When using reclosers as circuit breakers, the key limiting factor is the interrupting capacity. Some circuit breakers trade their speed of sequence operation for a large interrupting current. The OSM Recloser’s maximum interrupting current is 16 kA at 38 kV. This is ample for most applications away from primary substations and is ideal for connecting renewable energy or asynchronous generation where the fault currents are under 16 kA.
If you’re dealing with a primary substation, or a 110 kV to 11 kV transmission/distribution connection, it’s fairly likely you’ll need specialist high current interrupting breakers. For most rural, renewable or remote connection sites, a recloser is an ideal circuit breaker. The added bonus is most reclosers ship with a control system built in – you can save a fortune on project costs through reduced instrumentation and commissioning. This is the core reason why reclosers get selected in circuit breaker applications.
What is a sectionaliser?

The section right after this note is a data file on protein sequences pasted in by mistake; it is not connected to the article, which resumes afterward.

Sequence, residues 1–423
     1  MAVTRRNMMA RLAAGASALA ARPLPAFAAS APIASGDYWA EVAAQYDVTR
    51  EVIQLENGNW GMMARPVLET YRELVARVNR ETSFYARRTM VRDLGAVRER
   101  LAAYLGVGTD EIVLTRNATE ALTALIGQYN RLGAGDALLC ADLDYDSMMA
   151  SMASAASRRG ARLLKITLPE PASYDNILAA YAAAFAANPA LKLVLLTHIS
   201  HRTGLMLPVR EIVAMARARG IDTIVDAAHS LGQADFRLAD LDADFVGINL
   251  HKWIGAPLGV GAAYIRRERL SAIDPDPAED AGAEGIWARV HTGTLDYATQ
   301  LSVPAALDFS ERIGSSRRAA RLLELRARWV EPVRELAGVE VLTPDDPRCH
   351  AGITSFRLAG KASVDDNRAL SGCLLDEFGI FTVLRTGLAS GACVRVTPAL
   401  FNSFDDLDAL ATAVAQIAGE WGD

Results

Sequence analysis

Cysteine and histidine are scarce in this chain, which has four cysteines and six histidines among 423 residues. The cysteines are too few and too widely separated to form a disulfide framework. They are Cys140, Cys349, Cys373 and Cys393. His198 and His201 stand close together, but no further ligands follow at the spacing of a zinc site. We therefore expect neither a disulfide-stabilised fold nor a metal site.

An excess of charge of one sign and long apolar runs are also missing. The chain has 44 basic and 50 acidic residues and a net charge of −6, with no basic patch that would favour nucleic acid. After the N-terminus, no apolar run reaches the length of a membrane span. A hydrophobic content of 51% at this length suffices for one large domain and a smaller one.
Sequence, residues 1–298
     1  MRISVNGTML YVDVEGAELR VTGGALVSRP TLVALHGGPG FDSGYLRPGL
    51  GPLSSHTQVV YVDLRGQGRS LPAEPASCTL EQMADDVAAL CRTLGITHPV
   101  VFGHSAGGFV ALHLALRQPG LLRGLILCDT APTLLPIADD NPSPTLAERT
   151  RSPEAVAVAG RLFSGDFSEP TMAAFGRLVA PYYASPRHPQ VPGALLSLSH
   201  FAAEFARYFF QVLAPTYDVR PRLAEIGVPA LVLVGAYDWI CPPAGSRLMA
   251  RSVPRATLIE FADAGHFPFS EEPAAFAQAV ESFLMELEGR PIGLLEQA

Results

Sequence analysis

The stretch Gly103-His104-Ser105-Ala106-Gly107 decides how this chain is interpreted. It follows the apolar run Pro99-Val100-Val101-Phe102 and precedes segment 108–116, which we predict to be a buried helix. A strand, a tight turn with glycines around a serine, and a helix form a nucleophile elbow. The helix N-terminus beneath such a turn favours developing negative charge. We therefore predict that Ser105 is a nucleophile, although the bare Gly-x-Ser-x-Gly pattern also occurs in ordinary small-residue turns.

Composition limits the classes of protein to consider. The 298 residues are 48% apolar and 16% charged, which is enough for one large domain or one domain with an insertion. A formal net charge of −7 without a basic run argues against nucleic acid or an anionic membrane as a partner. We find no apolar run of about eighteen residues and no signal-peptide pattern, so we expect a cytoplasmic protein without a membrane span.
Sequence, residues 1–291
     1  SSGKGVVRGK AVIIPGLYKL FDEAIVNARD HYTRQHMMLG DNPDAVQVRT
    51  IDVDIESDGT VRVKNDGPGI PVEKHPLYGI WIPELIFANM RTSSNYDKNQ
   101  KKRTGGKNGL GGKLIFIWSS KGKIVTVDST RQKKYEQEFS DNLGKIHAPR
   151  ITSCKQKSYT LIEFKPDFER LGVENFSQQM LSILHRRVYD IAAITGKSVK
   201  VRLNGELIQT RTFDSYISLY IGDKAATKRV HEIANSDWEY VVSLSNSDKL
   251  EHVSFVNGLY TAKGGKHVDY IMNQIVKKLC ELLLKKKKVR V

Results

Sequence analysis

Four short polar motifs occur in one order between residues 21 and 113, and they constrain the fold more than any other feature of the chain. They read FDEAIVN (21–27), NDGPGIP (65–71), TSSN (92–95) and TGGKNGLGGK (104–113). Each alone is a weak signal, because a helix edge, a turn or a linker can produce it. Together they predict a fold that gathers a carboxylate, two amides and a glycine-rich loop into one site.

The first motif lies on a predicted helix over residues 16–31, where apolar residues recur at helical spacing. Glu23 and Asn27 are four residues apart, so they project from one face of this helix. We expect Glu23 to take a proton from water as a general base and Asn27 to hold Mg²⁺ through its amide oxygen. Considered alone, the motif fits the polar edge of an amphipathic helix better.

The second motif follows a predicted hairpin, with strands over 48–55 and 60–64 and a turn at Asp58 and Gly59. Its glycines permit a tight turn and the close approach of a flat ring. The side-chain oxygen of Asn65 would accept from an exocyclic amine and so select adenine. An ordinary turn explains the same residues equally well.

Traditionally they’re a kind of isolator/offload disconnector, but today they are more sectionalisers by action, rather than specification.
“Our auto reclosing circuit breakers can be used as a pole mount auto recloser, substation circuit breakers, pole mount sectionalisers and load break switches,” says NOJA Power Group Managing Director Neil O’Sullivan. “Our one product can be applied in almost every example provided in this article. Add a set of disconnect links on the line side of the device and it can provide the isolation required to work on the line as well.”
Hopefully this article provides some clarity with the different classes of equipment in power engineers arsenal. If you’d like to learn more about Reclosing, you can do so here, or if you have a switchgear project, we’d be glad to help.
Contact Martin van der Linde, Noja Power, firstname.lastname@example.org